Riding to work linked to better mental health

Scientists have found that people who ride bikes to work may benefit from enhanced mental health.

New research from Scotland examined the commuting habits of nearly 380,000 residents and found those who biked to work were less likely to be prescribed medication for depression and anxiety.

The study, published in the International Journal of Epidemiology, combined census data from 2011 with NHS prescription records for the following five-year period.

At the outset, the 378,253 study subjects did not have any prescriptions for mental ill-health. All were aged 16-74, lived within 2km of a bike path and were categorised as either bike commuters or non-bike commuters based on their responses to the census.

Over the five-year period, the researchers found a 15% reduction in prescriptions for mental health medication among the bike commuting group, compared to the control group. They also found that bike commuting led to a greater reduction in mental health prescriptions in women than men.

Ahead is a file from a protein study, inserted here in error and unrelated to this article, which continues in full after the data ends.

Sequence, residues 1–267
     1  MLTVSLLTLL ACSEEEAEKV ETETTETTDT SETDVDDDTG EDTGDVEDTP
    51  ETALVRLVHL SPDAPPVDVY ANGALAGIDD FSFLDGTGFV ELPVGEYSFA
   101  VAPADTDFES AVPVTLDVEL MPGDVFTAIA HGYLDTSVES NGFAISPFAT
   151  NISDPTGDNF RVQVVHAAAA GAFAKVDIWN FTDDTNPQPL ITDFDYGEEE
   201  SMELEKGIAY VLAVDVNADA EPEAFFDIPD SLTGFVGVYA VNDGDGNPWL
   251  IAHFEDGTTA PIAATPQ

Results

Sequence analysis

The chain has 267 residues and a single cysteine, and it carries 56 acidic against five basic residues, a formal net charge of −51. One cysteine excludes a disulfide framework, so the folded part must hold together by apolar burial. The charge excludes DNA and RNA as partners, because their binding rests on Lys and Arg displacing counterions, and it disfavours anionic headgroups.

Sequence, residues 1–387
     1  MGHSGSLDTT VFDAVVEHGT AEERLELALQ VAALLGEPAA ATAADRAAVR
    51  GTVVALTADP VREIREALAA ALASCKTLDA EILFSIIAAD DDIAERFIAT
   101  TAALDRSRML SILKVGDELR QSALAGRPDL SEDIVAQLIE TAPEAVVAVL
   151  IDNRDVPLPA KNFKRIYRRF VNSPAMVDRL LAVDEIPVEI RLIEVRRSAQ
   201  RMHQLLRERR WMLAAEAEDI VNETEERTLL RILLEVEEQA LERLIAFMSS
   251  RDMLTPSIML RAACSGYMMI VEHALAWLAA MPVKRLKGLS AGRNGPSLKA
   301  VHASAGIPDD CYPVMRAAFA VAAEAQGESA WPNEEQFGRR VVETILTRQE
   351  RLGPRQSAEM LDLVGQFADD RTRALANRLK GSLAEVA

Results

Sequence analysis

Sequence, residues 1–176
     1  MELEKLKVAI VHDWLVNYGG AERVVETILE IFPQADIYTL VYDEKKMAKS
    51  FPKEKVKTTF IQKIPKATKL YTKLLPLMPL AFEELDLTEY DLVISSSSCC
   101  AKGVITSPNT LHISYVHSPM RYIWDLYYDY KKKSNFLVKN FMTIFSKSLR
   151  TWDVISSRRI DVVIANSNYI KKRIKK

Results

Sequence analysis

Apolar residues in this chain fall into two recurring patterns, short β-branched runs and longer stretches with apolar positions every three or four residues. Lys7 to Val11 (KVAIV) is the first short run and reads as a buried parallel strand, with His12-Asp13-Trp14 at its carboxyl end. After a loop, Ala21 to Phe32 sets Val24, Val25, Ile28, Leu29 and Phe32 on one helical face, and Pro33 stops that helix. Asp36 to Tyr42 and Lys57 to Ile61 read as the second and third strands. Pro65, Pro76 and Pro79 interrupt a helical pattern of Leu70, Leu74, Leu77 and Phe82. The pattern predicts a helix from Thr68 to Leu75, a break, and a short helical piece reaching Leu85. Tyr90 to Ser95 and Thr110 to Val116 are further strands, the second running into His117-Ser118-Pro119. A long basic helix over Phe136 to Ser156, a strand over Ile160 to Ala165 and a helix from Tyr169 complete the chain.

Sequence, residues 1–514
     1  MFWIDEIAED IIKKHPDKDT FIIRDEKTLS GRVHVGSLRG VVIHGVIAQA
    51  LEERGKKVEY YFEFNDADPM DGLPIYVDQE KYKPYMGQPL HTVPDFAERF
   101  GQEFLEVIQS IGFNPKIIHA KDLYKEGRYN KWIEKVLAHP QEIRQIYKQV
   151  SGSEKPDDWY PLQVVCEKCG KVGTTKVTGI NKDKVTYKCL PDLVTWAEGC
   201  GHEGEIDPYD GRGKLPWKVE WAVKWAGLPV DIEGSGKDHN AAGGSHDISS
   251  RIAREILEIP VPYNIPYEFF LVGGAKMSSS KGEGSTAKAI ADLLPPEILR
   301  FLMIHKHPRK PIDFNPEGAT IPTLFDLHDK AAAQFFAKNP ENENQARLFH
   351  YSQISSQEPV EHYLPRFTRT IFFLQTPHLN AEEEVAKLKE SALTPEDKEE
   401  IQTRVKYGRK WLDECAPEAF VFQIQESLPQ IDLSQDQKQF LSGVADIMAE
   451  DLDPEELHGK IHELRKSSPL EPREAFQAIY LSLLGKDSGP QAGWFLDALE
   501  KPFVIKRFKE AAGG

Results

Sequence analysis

The team describes the relationship between bike commuting and mental health as causal, rather than a correlation.

“Our finding that this economical and sustainable method of travelling to work also enhances mental health suggests that a policy of investing in cycle paths and encouraging active commuting is likely to have wide-ranging benefits,” says lead author from the University of Edinburgh, Laurie Berrie.

"Not only could this improve peoples’ mental health, it could also help reduce carbon emissions, road congestion and air pollution.”

The study builds on an expanding body of evidence linking physical activity to improved mental health, including one published in the American Journal of Preventative Medicine last year linking exercise to a reduced risk of anxiety and depression.

It is well established that physical activity is good for our well-being, but this compelling evidence of the benefits of bike commuting may provide a little extra motivation for weekday workers weighing up their transport choices.

Of course, riding to work does more than just boost our mental health. It can save time and money, fight climate change and even increase productivity. Find out more at our Ride2Work page.

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